Next, you need a website (spoilers, huh?). You need a focused domain name and a site up to date on the latest Google-friendly practices. That includes developments Google has made in just the past few years: AMP (accelerated mobile pages), Core Web Vitals, E-A-T (expertise, trust, and authority) for certain topics, an up-to-date CMS (content management system, like WordPress), and more.
The logistics of your website determine your SEO success more now than ever. Google was patient in past decades with poorly-managed and out-of-date websites that still carried loads of content. In the new search market, Google prioritizes responsive, modern, mobile-friendly sites that load fast. A lot of your success hinges on the technical aspects. You can’t just dump 10K words of content onto any old HTML page and call it a day.
If your website is not technically optimized, you must fix that before moving on to creating content and building backlinks. Otherwise, those efforts will fail without a solid SEO foundation.
You’re planning to rank for these keywords, so just post a blog with a few keywords, and you’re all set, right? Not so fast. You do need to create content quickly; this is true. But you also need to decide the shape and form of this content:
- Is it better to have multiple pages on a topic or one big page?
- Is covering this topic more suited to blog posts, landing pages, an on-site wiki, a podcast, embedded video media, or… ?
- What content is actually helpful to our market, or is it just a lot of sales-talk hot air?
- Is our content connecting with what our audience is looking for?
- Should you target long-tail searches (infrequent niche search terms) or top searches (most frequent) or a mix of both?
On top of all this, you want to develop a link building strategy. There are many ways to gain links, like sponsoring community events, giving interviews in regional publications, getting listed in business directories, or commenting on discussion boards like Reddit or Quora.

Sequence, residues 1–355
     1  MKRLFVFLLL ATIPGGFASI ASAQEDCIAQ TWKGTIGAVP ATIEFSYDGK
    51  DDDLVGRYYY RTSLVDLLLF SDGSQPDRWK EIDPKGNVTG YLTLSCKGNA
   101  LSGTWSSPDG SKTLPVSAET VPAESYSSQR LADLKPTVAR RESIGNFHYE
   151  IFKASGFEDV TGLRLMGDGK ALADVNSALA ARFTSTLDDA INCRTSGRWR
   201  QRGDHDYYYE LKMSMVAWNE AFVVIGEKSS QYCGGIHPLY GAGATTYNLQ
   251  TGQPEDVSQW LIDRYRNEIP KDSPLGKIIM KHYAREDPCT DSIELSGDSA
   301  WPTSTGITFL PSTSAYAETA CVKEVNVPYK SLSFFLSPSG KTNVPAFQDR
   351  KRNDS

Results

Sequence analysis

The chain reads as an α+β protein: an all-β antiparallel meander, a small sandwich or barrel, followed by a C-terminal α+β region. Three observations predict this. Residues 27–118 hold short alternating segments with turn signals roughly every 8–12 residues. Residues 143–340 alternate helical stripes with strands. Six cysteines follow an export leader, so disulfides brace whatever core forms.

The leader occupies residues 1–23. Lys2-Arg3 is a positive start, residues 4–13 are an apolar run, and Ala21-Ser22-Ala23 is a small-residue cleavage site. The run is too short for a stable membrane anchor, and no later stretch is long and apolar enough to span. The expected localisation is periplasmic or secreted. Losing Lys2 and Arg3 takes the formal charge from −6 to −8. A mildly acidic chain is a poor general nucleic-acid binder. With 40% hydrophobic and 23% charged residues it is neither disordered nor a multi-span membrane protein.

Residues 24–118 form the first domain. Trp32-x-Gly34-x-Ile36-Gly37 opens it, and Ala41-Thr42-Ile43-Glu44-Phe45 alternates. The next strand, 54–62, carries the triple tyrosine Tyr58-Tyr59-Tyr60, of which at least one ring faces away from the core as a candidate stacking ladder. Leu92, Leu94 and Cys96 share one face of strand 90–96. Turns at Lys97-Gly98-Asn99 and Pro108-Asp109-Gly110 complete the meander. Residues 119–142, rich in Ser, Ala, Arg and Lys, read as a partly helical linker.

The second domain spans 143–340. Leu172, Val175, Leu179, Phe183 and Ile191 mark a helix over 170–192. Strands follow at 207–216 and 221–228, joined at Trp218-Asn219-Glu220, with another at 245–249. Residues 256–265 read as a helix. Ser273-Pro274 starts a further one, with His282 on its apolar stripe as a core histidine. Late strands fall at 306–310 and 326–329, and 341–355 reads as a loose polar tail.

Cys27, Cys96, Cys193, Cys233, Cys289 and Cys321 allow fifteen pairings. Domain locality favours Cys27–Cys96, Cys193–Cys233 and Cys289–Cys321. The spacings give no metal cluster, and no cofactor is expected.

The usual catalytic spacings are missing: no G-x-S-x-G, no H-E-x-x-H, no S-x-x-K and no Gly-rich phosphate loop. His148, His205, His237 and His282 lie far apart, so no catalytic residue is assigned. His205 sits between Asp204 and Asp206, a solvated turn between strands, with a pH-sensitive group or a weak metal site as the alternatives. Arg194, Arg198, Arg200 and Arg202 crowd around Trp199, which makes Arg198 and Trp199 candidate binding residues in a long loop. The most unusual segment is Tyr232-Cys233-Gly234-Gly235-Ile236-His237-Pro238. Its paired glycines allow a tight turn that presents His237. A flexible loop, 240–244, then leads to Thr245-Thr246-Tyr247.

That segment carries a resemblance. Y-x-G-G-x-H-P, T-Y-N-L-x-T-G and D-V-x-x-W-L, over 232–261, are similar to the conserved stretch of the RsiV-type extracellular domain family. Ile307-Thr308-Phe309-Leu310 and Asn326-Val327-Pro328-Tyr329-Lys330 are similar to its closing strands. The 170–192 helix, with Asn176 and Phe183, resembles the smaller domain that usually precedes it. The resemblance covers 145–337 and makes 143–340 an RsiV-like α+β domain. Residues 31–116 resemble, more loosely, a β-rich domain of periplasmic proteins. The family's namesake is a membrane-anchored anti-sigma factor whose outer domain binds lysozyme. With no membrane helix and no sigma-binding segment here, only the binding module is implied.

Another way is through guest posting on relevant sites that will provide links to your main site. Backlinks are important for Google authority ranking, which sends a signal to Google that this site has a good “vote of confidence” as a useful website. Building relationships with businesses and website masters, pitching content ideas, and creating the content all take a lot of time. Not only that, you’re at the mercy of others if they’ll even agree to link to your website.
Unfortunately, earning backlinks is a delicate dance where it’s easy to misstep. Fly-by-night SEO agencies may guarantee overnight backlinks from high-ranking sites, using black hat tactics. The catch is, Google did not become the #1 search engine by falling for dumb SEO tricks, so it will find and punish websites that use a toxic backlinking scheme. You do not want to end up on Google’s blacklist.
All of the above takes time to set up and execute, possibly several months even for a large team (and it requires ongoing maintenance). But some functions can be outsourced, for instance, such as guest posting or citation management.
Never Underestimate the Competition
As we mention, the web is a more mature platform in the 2020s, with homestead sites established for decades that have a lock on search results. IMDB has a lock on movie listings. WebMD will always be present in medical query SERPs. Social discussion sites like Reddit and Quora will pop up for the most obscure niche queries. And of course, there are hundreds of news blogs covering every topic.